Fischer began his political career as an orator and a publicist. In 1927, he left the small town of Graz where he had lived since birth and went to Vienna to work in Arbeiter-Zeitung, the official newspaper of the Social Democratic party. With this he was at the centre of Austrian politics and the second part of the book narrates the tragedy of Austrian socialism in the inter-war period, a tragedy that was repeated in many other parts of Central Europe. Austria, after the First World War was a severely truncated remnant of the old AustroHungarian Empire. However its capital Vienna was at that time the intellectual and cultural centre of Europe with its ‘schools’ of positivism, psychoanalysis, music and architecture. Austrian politics were dominated by one of the best organized Social Democratic parties in Europe and an assortment of rightist parties. Unfortunately, the Social Democrats despite their electoral successes were always denied their just share in government, except in ‘red Vienna’ which they transformed into one of the most progressive cities in the world. The world depression, growing pressure from the financial powers of the West, rising unemployment and the growth of fascism led to a sharpening of the conflict between the forces of the right and the working classes. But the leaders of the Social Democratic Party, out of an excess of caution and possibly even a fear of communism, failed their followers and let them down whenever a confrontation took place. In 1934 the workers provoked by fascists took to arms but in vain. Betrayed by their leaders, their uprising was ruthlessly suppressed. Fischer who had been drifting to the Left throughout this period fled the country, resigned from the Social Democratic Party and joined the Communist Party of Austria. The subsequent history of Austria was the familiar one of the rise of fascism, pan-Germanism and ultimate incorporation in the Nazi Reich. This failure of social democracy in the interwar period is a crucial element in the history of European and even international socialism.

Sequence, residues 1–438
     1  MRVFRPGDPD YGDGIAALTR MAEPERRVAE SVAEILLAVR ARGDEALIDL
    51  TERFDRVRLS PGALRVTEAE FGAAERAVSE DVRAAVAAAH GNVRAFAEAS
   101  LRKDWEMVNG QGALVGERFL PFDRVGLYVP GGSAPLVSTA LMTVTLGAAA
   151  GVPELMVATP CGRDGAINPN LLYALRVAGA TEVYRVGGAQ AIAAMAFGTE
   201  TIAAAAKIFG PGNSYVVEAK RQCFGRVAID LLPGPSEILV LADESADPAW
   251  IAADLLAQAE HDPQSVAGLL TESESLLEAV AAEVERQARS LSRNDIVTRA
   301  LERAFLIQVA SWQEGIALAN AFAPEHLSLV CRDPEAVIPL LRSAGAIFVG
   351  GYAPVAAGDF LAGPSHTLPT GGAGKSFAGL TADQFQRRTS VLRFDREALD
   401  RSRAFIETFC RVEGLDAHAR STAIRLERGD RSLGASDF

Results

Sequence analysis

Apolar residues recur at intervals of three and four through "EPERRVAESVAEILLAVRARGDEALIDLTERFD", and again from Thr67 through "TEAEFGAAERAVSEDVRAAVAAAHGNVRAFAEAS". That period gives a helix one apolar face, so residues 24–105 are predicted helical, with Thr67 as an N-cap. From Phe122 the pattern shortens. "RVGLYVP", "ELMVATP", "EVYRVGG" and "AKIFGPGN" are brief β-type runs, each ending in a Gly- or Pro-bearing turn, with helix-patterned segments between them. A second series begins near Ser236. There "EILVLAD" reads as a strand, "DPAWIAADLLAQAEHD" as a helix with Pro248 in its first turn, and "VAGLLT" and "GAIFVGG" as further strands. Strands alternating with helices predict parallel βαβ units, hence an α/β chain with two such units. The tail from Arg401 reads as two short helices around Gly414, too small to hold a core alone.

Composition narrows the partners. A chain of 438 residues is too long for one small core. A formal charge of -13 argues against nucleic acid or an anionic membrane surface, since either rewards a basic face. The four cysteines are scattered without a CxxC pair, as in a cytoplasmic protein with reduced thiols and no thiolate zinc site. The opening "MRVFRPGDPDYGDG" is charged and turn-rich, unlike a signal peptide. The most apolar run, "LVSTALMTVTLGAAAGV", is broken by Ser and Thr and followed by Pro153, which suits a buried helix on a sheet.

The third and last part of Fischer’s book deals with his stay in Moscow from 1934 to 1945, when he worked in the Comintern and towards the end as a radio broadcaster. During this period the Comintern was dominated by Dimitrov and his concept of a Popular Front, a concept that was accepted too late to save the situation in Central Europe. This also was the period when the distinction between the interests of international Communism and those of the Soviet State became blurred since, at that time, it was truely difficult to see how socialism could be attained anywhere in the world if it was allowed to be defeated in Russia. Fischer worked with Togliatti, Ulbricht and Communists from other countries and the inherent tension between the ideology of nationalism and of Communism comes across very clearly, particularly in the story of the German Communist who, on 14 June 1940 burst into Fischer’s hotel room and shouted: ‘We’ve taken Paris!’